Dry Summer

We choked on the smell of baking earth,
Kicked clouds of dust up with bare feet
Between the tufts of yellowing grass
Grown sparse and brittle in the heat;

My father knelt with practiced care,
Sweat beading on his furrowed brow,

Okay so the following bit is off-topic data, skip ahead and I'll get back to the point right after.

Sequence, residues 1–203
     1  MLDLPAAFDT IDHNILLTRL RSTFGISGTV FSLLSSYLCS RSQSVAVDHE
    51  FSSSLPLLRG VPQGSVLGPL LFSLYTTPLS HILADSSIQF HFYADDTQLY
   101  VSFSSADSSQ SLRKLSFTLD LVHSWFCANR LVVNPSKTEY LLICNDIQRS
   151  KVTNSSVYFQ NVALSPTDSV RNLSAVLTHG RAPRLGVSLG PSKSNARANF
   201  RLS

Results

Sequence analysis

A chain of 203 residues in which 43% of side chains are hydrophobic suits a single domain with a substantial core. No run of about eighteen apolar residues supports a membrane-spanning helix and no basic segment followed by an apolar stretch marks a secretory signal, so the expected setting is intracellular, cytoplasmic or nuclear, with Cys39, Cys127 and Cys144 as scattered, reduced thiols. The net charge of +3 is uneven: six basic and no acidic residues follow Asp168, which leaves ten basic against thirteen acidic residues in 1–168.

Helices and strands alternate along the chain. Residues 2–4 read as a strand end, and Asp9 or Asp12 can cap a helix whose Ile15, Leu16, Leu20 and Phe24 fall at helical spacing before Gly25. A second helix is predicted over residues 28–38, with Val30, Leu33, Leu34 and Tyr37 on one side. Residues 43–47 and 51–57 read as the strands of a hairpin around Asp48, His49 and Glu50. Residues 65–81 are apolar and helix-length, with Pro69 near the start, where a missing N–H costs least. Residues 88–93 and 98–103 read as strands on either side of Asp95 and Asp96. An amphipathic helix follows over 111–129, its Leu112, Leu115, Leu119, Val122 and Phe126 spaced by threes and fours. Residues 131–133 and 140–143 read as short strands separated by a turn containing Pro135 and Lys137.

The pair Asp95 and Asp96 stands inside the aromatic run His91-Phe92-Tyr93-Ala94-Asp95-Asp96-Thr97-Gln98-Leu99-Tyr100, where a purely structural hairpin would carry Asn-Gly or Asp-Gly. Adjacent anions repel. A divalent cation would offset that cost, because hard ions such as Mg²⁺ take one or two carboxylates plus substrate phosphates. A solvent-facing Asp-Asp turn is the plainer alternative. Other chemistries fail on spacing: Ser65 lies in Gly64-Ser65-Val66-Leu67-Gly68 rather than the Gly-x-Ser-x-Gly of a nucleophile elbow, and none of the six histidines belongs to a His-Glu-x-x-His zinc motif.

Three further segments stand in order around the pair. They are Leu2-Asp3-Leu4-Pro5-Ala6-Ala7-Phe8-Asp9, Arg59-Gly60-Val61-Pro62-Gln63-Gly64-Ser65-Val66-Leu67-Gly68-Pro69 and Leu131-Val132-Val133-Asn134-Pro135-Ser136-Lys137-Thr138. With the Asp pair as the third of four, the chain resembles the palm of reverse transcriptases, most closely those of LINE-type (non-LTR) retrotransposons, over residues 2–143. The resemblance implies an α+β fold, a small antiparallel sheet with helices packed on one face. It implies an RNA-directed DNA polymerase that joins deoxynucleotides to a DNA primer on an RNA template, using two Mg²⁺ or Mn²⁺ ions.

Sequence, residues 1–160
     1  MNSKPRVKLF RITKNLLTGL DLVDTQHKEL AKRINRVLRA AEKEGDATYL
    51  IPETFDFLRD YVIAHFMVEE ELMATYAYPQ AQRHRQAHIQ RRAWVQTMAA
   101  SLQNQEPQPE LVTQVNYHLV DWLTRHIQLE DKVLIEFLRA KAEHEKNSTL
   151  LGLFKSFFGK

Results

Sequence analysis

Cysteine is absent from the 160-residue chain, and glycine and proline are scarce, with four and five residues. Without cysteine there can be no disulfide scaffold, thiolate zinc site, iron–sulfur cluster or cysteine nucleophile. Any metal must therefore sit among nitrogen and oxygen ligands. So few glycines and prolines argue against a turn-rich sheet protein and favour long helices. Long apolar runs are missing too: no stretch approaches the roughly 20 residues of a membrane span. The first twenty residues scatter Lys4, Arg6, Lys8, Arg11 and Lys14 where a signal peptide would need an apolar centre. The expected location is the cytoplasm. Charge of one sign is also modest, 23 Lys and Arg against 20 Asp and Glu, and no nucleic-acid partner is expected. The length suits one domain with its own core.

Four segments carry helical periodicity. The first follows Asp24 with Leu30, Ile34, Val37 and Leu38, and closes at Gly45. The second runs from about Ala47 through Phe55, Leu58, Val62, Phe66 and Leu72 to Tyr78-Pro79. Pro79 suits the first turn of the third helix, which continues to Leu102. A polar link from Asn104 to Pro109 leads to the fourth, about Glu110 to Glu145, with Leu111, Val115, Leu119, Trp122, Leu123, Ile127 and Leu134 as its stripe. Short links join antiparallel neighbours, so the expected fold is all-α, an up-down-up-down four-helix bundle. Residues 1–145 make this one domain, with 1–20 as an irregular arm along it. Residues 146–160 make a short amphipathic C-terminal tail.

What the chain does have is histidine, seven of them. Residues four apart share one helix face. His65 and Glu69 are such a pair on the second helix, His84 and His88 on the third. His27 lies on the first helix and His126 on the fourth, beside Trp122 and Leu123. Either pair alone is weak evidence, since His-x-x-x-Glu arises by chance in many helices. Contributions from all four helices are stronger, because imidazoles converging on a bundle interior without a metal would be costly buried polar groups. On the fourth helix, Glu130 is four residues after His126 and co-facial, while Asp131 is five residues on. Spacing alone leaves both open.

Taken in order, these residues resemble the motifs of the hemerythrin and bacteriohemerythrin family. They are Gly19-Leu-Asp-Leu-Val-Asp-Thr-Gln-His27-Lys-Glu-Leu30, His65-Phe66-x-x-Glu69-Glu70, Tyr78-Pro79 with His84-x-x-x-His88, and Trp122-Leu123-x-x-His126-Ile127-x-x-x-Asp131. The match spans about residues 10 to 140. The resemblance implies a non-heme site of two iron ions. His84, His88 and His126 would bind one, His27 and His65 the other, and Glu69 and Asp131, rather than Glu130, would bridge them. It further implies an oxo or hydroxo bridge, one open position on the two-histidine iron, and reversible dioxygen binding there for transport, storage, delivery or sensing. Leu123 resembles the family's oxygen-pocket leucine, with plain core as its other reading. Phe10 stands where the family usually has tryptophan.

And plucked tomatoes off the vine
Before they withered on their bow;

That summer saw no drop of rain
To wet our lips, nor sake our thirst–
No showers in the afternoon,
No after-dinner thunder burst.

So we hung back, on worn wood stoops,
Red-faced with sun, and Ice Pop stains,
And cooled ourselves with paper fans,
And prayed the rain would come again.